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Boing Boing has a great article today on the dangers of the proposed internet "Kill Switch."
On Thursday Jan 27th at 22:34 UTC the Egyptian Government effectively removed Egypt from the internet. Nearly all inbound and outbound connections to the web were shut down. The internet intelligence authority Renesys explains it here and confirms that "virtually all of Egypt's Internet addresses are now unreachable, worldwide." This has never happened before in the entire history of the internet, with a nation of this size. A block of this scale is completely unheard of, and Senator Joe Lieberman wants to be able to do the same thing in the US.
Sponsors of the infamous legislation argue that the kill switch is necessary for security reasons - but in Egypt we hiave a very clear example of the unintended consequences (or perhaps intended) these kinds of regulations have. Just as it is in Egypt, the kill switch could be used to suppress the speech and freedom of assembly of the very people the Kill Switch legislation supposedly protects.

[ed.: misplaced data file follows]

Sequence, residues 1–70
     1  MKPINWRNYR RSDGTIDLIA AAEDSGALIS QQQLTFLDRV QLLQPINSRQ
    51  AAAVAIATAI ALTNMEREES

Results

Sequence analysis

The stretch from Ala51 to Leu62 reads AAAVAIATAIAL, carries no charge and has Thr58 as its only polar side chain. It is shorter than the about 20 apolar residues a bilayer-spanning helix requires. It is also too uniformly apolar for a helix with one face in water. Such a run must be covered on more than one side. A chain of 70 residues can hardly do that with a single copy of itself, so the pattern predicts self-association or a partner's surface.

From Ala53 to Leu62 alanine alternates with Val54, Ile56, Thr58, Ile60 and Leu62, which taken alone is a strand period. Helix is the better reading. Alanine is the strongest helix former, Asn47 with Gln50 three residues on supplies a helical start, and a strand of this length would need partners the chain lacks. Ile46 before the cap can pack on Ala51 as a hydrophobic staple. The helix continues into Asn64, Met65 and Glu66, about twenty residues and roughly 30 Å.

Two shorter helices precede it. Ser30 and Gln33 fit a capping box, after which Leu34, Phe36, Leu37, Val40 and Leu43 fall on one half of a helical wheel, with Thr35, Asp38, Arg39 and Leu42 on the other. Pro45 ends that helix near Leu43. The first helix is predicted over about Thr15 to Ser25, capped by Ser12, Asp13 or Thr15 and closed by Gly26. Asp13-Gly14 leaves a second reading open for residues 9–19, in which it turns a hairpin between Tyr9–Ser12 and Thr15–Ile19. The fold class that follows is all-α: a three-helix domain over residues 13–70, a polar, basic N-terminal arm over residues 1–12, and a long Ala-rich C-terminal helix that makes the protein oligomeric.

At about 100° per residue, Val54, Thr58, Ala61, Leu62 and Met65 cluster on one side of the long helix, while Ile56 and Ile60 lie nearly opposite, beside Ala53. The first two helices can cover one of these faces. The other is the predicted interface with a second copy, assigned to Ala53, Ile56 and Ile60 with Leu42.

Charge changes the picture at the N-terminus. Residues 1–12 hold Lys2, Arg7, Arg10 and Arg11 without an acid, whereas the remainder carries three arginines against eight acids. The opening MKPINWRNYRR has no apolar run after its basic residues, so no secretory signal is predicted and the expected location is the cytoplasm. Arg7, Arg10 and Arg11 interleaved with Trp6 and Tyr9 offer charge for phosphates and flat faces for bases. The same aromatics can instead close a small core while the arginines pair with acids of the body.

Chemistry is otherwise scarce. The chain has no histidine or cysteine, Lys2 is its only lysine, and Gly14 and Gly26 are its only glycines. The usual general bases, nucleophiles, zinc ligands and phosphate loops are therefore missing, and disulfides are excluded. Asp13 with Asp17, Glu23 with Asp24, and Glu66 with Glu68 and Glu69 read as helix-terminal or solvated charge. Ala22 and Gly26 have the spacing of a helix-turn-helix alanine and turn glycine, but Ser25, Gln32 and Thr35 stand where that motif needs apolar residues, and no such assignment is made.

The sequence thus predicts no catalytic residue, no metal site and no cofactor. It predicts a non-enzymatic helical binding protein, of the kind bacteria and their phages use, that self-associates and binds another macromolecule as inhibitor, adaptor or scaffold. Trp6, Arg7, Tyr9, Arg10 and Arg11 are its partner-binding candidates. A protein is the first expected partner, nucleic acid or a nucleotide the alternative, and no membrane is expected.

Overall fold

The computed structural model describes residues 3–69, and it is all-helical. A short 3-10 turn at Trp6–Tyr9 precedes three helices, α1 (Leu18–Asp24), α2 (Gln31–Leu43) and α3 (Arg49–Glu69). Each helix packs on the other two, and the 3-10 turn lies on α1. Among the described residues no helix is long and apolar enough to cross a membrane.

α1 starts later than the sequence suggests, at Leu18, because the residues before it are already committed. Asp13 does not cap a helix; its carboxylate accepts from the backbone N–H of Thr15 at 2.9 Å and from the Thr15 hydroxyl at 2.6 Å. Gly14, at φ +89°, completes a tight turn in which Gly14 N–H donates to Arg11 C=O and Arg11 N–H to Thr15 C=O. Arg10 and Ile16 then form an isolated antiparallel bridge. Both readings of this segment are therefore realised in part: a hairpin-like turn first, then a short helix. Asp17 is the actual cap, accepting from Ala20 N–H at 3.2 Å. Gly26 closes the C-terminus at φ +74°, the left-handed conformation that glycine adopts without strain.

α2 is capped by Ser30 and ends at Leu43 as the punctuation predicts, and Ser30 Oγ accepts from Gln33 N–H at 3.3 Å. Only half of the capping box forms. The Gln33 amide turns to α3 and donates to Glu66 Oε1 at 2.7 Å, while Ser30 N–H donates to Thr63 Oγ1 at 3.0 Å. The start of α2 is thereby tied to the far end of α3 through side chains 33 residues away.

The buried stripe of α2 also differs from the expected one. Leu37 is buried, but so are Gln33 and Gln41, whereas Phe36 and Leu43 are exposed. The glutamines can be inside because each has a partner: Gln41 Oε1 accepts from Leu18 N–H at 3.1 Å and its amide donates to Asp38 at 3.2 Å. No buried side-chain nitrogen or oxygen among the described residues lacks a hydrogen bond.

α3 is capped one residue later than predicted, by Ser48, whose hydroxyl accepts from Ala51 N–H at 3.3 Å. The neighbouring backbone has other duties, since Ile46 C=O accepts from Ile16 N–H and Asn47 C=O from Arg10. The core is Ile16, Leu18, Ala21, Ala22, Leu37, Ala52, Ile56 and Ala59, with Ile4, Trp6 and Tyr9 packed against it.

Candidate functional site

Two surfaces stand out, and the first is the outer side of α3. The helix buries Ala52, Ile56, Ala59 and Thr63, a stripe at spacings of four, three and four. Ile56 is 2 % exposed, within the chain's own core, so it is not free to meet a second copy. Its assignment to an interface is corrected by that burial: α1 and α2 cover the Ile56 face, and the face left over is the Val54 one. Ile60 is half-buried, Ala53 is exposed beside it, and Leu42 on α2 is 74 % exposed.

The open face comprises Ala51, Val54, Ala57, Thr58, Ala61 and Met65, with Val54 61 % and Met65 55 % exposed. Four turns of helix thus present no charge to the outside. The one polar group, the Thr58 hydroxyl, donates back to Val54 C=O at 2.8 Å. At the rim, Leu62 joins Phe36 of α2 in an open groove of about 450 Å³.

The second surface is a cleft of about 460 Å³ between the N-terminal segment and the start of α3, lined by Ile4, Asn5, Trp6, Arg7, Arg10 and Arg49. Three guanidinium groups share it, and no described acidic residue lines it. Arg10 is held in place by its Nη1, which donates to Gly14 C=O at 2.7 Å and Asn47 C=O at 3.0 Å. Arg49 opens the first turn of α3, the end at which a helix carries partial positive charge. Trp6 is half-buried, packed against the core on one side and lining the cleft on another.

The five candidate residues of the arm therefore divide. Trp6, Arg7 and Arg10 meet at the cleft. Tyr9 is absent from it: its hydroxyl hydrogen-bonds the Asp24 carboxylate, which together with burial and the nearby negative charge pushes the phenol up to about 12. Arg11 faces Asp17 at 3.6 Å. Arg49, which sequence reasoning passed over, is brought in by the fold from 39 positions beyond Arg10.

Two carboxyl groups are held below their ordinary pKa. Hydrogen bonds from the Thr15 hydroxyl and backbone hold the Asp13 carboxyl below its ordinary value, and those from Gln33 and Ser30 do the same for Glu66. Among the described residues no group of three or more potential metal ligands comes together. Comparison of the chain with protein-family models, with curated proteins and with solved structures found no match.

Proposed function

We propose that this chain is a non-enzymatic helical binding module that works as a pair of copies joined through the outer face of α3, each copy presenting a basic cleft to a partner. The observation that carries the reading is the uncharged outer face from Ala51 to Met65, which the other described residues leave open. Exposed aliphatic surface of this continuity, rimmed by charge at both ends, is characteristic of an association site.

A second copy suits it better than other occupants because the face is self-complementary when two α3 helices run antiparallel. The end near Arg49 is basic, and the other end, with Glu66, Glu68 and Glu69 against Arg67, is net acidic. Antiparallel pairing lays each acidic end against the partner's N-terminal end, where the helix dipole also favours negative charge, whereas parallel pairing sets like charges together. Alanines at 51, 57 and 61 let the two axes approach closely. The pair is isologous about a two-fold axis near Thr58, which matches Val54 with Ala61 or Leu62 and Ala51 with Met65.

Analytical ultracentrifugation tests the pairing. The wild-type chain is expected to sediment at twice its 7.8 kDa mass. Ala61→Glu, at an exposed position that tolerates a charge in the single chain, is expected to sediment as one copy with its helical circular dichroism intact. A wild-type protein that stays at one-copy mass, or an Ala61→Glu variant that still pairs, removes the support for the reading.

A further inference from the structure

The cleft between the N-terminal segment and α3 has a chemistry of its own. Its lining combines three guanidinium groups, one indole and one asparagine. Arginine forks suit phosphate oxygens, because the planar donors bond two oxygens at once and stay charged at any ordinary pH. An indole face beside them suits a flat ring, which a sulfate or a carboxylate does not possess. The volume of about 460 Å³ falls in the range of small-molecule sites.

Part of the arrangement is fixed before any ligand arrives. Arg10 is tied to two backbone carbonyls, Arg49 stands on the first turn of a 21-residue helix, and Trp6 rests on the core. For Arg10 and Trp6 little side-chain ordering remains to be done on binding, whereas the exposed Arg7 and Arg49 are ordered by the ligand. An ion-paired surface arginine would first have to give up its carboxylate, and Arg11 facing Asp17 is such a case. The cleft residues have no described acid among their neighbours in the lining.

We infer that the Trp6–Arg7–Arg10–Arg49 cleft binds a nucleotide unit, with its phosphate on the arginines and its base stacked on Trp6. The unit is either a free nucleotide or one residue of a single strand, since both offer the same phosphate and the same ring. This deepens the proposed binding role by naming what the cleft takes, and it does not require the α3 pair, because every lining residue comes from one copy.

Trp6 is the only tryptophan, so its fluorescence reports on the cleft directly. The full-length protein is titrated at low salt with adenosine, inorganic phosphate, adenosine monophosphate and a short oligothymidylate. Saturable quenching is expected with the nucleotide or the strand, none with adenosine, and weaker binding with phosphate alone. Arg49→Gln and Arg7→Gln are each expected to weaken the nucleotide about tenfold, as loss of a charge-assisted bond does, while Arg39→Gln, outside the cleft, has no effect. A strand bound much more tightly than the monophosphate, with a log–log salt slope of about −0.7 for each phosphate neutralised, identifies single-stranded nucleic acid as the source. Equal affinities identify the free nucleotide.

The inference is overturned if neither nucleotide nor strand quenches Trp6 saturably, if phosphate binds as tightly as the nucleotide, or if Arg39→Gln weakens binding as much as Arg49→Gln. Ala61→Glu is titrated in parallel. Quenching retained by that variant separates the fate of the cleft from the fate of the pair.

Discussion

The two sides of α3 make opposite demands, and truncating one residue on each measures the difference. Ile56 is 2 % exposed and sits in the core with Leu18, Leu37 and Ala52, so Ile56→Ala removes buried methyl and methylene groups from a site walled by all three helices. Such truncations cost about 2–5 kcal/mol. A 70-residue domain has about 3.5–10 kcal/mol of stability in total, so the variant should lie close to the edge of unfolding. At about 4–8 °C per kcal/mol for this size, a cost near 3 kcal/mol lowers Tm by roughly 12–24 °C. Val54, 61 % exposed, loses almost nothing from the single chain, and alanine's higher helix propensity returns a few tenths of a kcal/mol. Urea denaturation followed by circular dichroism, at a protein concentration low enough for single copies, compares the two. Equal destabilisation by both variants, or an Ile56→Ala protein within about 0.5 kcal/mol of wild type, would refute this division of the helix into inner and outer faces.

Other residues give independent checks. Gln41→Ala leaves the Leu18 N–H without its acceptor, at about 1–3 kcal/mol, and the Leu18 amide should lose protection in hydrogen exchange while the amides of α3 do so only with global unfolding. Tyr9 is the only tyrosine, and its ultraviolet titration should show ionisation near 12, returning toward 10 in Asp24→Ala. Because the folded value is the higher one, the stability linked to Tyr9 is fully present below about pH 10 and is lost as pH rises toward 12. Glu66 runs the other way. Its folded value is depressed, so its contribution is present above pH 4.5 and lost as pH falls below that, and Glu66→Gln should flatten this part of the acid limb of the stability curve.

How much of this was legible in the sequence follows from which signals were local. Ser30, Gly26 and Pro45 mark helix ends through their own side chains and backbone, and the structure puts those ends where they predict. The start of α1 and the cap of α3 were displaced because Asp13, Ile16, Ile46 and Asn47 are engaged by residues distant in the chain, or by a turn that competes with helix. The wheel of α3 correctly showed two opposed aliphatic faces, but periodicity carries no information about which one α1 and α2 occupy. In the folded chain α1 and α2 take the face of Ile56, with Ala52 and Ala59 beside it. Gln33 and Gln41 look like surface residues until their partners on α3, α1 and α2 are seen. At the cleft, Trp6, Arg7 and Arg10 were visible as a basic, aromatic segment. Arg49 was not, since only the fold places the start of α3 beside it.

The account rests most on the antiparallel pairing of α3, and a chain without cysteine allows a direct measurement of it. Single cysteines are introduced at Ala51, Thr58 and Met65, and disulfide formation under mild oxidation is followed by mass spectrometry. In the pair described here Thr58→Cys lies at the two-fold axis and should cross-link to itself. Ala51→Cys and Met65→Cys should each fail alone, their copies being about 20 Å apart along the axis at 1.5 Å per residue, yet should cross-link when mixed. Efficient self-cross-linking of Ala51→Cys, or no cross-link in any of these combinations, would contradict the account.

And while you might have thought this issue was going away after the end of the last Congress, just this week, it was announced the push was back on to give this enormous amount of power to the president. Boing Boing sums up the situation:
This is something Americans should be paying very close attention to. Think about your daily life and how big a role the internet plays in it. Now think about what it would be like if one person had the authority to turn that off completely. If you can't imagine what that would be like you aren't alone. A week ago this was a hypothetical scenario. Now, you can just ask an Egyptian citizen what that feels like. Pay close attention to what happens with this bill.